Last Reviewed on June 19, 2019, by eNotes Editorial. Word Count: 421
This poem critiques society for valuing women based on their beauty and purity and fragility rather than on their experience, wisdom, or creativity. Further, the poem seems to claim that such a system of valuation compels women only to consider their beauty in an attempt to remain valued by society, creating conflicts among women as they vie for position as the most beautiful. Society, then, pits women against one another. If and when women attempt to eliminate their competition, they are punished for their brutality, and the cycle continues, unabated.
The speaker compares the pride the queen feels in her appearance to “poison” via a simile that ends the second group of lines. Such pride in her beauty is like a poison because society tells older women that they are not as beautiful as younger women. The queen sees the brown spots developing on her skin, the whiskers growing on her face, and her mirror tells her that she is no longer the fairest woman in the kingdom. Having learned to believe that all her value is linked to her beauty, the queen determines that she must rid herself of Snow White so that she will not be supplanted. When her hunter fails her, she tries to kill the girl herself, eventually seeming to succeed.
However, when Snow White does awaken from her apparent deathlike slumber, she is immediately married to the prince who has fallen in love with her only because of her appearance. He had been sitting with her dead body for so long, admiring her beauty, that his hair actually changed color. As a result, Snow White learns that her beauty is what makes her valuable: the prince didn’t grow to love her for her mind or her heart but, rather, her looks. The prince and Snow White invite the queen to their wedding and punish her, torturing her to death. In other words, the queen is punished for trying to be the most beautiful by a society that has taught her that, if she is not the most beautiful, then she has no value.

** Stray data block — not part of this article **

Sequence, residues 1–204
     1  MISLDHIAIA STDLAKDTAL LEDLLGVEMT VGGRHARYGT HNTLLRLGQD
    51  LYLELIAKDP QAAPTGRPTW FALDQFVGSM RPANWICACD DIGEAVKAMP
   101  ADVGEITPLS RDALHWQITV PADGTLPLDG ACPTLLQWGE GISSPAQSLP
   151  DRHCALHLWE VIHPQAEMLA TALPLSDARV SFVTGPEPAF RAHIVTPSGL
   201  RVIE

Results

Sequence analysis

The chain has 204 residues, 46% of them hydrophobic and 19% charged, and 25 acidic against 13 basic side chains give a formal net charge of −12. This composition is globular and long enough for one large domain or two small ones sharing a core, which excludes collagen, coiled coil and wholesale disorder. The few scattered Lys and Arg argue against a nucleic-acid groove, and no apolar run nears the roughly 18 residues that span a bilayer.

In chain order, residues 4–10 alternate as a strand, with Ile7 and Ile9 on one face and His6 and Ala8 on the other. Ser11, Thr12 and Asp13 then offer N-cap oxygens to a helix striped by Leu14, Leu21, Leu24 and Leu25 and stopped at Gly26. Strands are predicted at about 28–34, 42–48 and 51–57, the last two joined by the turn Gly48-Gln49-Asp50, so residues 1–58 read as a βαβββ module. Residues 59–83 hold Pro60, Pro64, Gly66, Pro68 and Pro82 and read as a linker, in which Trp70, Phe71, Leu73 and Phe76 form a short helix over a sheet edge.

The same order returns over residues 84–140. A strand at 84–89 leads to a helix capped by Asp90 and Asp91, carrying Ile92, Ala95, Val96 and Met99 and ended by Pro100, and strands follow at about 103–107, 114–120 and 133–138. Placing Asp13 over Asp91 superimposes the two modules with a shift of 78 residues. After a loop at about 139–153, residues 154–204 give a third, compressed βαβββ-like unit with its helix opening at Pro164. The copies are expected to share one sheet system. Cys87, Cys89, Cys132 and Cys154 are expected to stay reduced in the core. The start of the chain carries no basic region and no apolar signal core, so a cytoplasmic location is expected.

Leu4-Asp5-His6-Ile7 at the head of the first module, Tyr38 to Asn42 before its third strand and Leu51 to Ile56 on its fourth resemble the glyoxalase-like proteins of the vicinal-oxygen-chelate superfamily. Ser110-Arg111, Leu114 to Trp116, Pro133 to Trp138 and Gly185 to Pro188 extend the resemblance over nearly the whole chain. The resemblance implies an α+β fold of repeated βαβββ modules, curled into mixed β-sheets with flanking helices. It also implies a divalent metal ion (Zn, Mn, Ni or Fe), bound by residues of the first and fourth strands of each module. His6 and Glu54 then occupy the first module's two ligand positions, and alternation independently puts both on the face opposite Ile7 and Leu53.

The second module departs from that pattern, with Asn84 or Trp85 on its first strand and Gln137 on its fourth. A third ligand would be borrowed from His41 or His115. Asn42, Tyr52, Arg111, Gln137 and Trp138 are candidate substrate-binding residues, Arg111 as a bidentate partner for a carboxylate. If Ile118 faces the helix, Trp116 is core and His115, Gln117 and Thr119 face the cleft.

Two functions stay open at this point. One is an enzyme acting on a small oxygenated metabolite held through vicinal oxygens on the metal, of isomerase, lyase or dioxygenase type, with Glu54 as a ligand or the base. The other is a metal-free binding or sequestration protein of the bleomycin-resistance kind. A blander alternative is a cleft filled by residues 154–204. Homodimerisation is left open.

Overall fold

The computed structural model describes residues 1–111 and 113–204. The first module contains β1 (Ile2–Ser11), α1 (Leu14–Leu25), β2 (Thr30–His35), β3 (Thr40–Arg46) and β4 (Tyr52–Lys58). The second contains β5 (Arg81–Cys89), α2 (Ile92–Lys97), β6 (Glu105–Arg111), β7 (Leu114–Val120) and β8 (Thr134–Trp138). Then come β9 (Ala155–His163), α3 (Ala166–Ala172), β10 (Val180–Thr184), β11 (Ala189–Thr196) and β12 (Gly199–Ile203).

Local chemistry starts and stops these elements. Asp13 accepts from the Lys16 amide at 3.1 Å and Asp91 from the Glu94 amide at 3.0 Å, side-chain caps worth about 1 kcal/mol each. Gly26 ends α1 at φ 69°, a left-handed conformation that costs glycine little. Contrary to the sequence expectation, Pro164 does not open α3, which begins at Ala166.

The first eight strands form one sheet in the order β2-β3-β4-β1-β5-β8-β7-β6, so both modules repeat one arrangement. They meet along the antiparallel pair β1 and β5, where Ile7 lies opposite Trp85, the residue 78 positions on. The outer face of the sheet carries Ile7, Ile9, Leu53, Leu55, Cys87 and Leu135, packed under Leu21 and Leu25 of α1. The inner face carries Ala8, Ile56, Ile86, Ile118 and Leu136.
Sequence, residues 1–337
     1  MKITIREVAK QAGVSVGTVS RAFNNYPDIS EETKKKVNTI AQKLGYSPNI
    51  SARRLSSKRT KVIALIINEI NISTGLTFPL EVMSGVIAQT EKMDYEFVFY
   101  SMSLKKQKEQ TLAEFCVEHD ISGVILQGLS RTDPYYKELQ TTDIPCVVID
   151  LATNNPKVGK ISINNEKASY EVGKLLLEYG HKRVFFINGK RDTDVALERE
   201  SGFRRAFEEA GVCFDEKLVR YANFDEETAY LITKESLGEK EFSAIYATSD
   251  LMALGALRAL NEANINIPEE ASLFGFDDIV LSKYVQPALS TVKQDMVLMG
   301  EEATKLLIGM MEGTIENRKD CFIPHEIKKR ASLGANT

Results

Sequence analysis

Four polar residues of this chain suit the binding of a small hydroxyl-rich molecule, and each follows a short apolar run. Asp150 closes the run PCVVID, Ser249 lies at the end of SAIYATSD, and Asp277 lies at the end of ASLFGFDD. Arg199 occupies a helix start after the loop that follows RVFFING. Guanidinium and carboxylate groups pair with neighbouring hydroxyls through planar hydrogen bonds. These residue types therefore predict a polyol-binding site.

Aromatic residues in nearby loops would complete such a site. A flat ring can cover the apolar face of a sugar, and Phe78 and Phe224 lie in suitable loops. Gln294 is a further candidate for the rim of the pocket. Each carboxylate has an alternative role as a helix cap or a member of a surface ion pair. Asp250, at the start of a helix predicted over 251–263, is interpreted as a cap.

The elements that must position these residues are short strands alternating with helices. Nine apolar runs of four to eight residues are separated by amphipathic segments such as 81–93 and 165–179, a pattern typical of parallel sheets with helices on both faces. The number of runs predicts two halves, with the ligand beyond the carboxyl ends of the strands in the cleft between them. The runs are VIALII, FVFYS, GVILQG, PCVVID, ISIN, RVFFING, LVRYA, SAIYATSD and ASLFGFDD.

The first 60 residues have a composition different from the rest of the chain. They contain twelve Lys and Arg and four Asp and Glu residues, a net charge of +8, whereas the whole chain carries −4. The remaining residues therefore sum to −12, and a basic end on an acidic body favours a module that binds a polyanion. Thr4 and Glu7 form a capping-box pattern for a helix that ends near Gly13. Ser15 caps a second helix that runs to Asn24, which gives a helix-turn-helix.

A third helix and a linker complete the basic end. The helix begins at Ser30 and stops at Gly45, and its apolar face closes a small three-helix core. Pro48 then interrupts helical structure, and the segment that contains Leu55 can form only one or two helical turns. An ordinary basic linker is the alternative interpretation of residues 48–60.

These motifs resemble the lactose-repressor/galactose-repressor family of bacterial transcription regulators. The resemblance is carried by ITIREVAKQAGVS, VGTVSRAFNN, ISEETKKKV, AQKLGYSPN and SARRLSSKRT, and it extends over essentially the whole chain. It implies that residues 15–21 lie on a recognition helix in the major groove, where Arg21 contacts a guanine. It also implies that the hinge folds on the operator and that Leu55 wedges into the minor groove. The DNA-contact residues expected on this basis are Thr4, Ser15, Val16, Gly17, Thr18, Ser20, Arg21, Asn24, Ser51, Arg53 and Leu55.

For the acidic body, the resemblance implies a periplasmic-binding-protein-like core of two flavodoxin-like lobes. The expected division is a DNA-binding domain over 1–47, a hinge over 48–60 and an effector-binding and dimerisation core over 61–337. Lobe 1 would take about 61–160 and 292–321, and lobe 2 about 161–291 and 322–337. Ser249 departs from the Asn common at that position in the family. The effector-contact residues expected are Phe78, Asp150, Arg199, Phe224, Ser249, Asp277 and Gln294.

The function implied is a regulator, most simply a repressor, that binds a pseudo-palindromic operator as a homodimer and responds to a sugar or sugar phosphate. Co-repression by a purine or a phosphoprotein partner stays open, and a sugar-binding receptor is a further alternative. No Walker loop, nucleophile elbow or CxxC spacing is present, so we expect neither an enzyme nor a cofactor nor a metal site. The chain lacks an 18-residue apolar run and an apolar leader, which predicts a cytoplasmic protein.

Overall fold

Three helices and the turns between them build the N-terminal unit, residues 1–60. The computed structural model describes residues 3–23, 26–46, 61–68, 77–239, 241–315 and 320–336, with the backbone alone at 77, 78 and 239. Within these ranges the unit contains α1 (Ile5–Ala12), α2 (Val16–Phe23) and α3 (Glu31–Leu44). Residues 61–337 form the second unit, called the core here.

Meanwhile Snow White held court,
rolling her china-blue doll eyes open and shut
and sometimes referring to her mirror
as women do.
Thus, the cycle will continue. Snow White has learned that her value lies in her beauty, and so she checks it in her mirror. Presumably she is also beginning to internalize society’s standards, at the ripe old age of thirteen, and she may very well end up like her stepmother someday.
Last Updated on May 5, 2015, by eNotes Editorial. Word Count: 517
Like Anne Sexton’s other fairy-tale poems collected under the title Transformations, “Snow White and the Seven Dwarfs” is a long (164 lines), free-verse narrative based on the version of the Snow White tale collected by Jacob and Wilhelm Grimm in Germany in the nineteenth century. The darkness and violence of this version may surprise readers who are accustomed to fairy tales that have been sanitized to make them suitable for children, but although Sexton has established a very modern voice in this and the other Transformations poems, she remains faithful to the action that the Grimm brothers recorded.
In “The Gold Key,” the comparatively short poem that introduces the collection, the poet speaks of herself as a “middle-aged witch” with her “mouth wide,” ready to tell readers “a story or two.” The “witch” then imagines a sixteen-year-old boy who “wants some answers.” He is really each of the readers, the witch says, suggesting that the answers are to be found in the tales of transformation recorded by the Grimm brothers. In that introduction, Sexton is explaining why adult readers should pay attention to the sort of story usually considered to be children’s entertainment; she implies that these stories have important meanings.
In “Snow White and the Seven Dwarfs,” Sexton begins with...
(The entire section contains 1429 words.)
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